Late in his life, Sousa lived in Sands Point, N Y. Sousa died of heart failure at the age of 77 on March 6, 1932, in his room at the Abraham Lincoln Hotel in Reading, PA. He had conducted a rehearsal of “The Stars and Stripes Forever” the previous day with the Ringgold Band. He is buried in Washington, DC’s Congressional Cemetery.   He was posthumously enshrined in the Hall of Fame for Great Americans in 1973, one of just 102 Americans ever to be honored in such a manner.  Sousa wrote 136 marches, published by the Sam Fox Publishing Company beginning in 1917 and continuing until his death.   Among his best-known marches are “Semper Fidelis,” the Official March of the United States Marine Corps, and “The Stars and Stripes Forever,” the National March of the United States of America.  He also wrote many notable operettas from which many marches and waltzes have been derived.  

     Works by Sousa in my collection include the following:

                The Belle of Chicago March. 

                The Bride Elect: Waltzes and Tarantella. 

                Bullets and Bayonets March. 

                Chris and the Wonderful Lamp: Jack Tar March.

                The Coquette Caprice. 

                The Crusader. 

                The Daughters of Texas March. 

                The Diplomat March. 

                Dwellers of the Western World. 

                El Capitan (operetta): El Capitan March and Selections. 

                Fairest of the Fair March. 

                The Federal March. 

                The Gladiator March.    

                The Gliding Girl Tango. 

                Hail to the Spirit of Liberty March. 

                Hands Across the Sea. 

                High School Cadets. 

                Humoresque on Gershwin’s Swanee. 

                Humoresque on Kern’s Look for the Silver Lining.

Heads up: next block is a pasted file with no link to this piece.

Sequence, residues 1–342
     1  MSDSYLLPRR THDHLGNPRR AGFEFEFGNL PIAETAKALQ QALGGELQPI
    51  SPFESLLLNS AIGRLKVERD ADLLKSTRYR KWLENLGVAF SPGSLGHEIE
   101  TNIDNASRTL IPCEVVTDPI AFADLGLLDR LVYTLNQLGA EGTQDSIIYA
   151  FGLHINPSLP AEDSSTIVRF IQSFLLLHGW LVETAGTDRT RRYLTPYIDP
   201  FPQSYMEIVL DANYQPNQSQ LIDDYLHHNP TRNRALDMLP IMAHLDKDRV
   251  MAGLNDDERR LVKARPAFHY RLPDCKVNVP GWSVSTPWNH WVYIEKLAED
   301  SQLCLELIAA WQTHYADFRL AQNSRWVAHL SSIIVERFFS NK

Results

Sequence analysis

The Invincible Eagle March. 

                The Irish Dragoon: Overture and Circus Galop. 

                King Cotton March. 

                La Reine de la Mare Waltzes.

                The Liberty Bell. 

                Manhattan Beach. 

                Myrrha Gavotte. 

                Nymphalin Reverie. 

                On Wings of Lightning Galop. 

                Our Flirtations: Overture and March. 

                Peaches and Cream Foxtrot. 

                People Who Live in Glass Houses Ballet. 

                The Power and Glory March. 

                The Presidential Polonaise. 

                Sacred Selection: Songs from Grace and Songs from Glory. 

                Sandalphon Waltzes. 

                Semper Fidelis March.

                Silver Spray Schottische. 

                The Stars and Stripes Forever March. 

                Three Quotations. 

                The Thunderer March. 

                U. S. Field Artillery. 

                Venus March. 

                The Washington Post March.

Advertisements

Leave a Reply

Fill in your details below or click an icon to log in:

WordPress.com Logo

You are commenting using your WordPress.com account. Log Out / Change )

Twitter picture

You are commenting using your Twitter account. Log Out / Change )

Facebook photo

You are commenting using your Facebook account. Log Out / Change )

Google+ photo

You are commenting using your Google+ account. Log Out / Change )

Connecting to %s